Anonymous said...

Full article: Downtown housing in need of boost, but how?

Wednesday, April 26, 2006
By Rich Lord, Pittsburgh Post-Gazette

A debate on how to spur the emerging Downtown housing market is set to start today in Pittsburgh City Council.

On one side is Councilman William Peduto, who wants to replace the project-by-project tax breaks with a blanket abatement for most new construction. He's won some backing from Downtown advocates and developers.

On the other side may be the tax man, worried about losing too much revenue from the city's priciest neighborhood.

Mr. Peduto's resolution calls on Mayor Bob O'Connor to bring together a dozen groups with a stake in Downtown construction, from resident and business groups to labor organizations. They would consider his plan to waive property taxes on new Downtown housing for 10 years, and on new offices and hotels there for five years.

That would replace the long-standing approach of granting some projects tax increment financing, called TIF. In a TIF, a city agency borrows money to aid a development, and then pays off the debt using most of the new taxes created by the development over a set time.

TIF is "a subjective process of providing incentives," Mr. Peduto said. "We have an opportunity to create a financing mechanism that would be fair and equal."

The abatement would only work if the Pittsburgh Public Schools and Allegheny County participated, he said.

That may be a hard sell. Ira Weiss, an attorney handling tax matters for the city school district, said he wasn't sure schools can legally participate in abatements for specific neighborhoods or types of businesses.

"I think a project-by-project approach may be better because it gives the taxing bodies an opportunity to scrutinize the projects," he said.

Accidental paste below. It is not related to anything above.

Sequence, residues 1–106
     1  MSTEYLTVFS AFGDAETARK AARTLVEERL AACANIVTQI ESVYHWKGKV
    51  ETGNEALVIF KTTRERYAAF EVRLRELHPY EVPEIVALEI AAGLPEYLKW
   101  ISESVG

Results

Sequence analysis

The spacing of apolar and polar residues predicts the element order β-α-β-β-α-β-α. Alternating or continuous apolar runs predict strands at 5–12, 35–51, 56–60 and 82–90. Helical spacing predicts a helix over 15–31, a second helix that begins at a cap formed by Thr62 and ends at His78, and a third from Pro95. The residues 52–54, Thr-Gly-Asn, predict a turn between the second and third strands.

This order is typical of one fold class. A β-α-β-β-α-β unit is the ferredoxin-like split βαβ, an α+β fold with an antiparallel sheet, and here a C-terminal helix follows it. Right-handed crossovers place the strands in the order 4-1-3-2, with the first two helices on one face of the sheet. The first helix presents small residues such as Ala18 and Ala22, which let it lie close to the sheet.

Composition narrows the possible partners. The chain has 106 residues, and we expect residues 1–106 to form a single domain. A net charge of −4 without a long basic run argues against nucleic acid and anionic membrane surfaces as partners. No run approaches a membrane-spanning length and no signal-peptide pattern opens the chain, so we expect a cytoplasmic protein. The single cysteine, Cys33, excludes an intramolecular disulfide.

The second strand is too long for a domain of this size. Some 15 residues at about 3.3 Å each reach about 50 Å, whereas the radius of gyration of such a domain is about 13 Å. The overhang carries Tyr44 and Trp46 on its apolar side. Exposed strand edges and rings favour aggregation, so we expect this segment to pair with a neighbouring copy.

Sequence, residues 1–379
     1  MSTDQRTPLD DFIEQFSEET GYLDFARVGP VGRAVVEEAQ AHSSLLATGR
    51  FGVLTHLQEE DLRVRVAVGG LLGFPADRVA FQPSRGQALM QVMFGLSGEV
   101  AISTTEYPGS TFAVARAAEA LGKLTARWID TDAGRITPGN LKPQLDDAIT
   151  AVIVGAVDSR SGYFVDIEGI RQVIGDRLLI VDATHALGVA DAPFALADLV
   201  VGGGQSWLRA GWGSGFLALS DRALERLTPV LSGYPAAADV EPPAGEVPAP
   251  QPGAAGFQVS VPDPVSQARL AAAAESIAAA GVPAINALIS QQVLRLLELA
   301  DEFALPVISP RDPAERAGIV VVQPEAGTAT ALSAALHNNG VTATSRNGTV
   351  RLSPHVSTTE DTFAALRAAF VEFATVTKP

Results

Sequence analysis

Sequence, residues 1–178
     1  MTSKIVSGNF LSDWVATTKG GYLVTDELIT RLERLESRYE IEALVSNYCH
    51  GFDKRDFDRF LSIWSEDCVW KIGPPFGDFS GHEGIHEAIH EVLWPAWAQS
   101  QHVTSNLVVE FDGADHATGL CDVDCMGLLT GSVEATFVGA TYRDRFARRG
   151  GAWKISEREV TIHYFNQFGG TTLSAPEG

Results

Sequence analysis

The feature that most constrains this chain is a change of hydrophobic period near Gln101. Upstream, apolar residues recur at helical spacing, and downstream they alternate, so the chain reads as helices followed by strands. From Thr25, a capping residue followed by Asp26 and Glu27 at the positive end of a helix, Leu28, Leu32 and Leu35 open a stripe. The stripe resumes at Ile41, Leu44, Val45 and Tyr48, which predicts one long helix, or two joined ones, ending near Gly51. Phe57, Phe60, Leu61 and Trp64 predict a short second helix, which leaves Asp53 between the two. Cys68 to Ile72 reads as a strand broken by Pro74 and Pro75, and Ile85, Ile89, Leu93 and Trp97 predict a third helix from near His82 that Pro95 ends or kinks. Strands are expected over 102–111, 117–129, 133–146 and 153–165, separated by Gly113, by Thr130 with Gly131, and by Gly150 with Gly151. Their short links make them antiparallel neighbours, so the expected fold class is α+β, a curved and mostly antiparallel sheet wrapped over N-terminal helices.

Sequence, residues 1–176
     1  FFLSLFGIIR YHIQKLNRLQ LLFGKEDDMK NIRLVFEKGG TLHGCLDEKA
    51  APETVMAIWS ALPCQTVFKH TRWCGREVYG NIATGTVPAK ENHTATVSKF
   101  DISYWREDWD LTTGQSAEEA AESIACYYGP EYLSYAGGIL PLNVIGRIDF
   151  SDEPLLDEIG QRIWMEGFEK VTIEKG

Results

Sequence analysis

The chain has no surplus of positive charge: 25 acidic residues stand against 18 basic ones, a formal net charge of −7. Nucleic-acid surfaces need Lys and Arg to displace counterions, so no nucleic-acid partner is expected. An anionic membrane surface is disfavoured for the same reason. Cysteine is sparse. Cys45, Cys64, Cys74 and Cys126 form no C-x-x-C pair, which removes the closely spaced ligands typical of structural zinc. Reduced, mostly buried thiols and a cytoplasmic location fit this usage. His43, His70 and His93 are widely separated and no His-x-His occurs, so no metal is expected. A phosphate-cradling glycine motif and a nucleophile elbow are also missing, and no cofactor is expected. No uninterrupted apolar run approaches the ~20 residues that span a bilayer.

Mr. Peduto said TIFs skew the real estate market, benefitting recipients like PNC Financial Services Group, which wants $18 million in local aid for its proposed $169.5 million tower on Fifth Avenue. He opposes that TIF, which is expected to come up for an initial council vote next Wednesday.

Ongoing or proposed Downtown housing developments would add around 1,000 new condominiums and apartments. Mr. Peduto called that "only a spark. ... If we fan the flames, through a tax abatement that is equal to everyone, we can turn that into a bonfire."

He said his office has found "well over 20" cities that have used downtown abatements, including Philadelphia and Columbus, Ohio.

In 2002, Columbus placed a 100 percent abatement on new, affordable housing in and around its downtown, and a 75 percent break on other housing there.

The aim was to spur 10,000 new residences in 10 years. The Columbus Downtown Development Corp. claims it already has led to 3,754 new housing units either built, under construction or proposed.

Pittsburgh already offers three-year property tax abatements to new housing, and developers can apply for another, limited tax break that phases out over 10 years.

"I don't think that's a big enough incentive," said John Valentine, executive director of the Downtown Neighborhood Association.

An abatement has to be big enough to offset the cost of building and parking Downtown, he said. The city would get wage, sales and deed transfer taxes from new residents, he said.

He backs Mr. Peduto's approach, saying he has heard from developers that bypassed Pittsburgh for cities with downtown abatements.

Also enthusiastic is Lucas Piatt of Canonsburg-based Millcraft Industries Inc., which is building 47 condos and townhouses in the former Downtown Lazarus-Macy's building.

Millcraft wants to build 805 more apartments and condominiums near Market Square, and has said that effort's "extreme success is contingent upon" a tax abatement.

Mr. O'Connor's administration hasn't yet embraced the idea.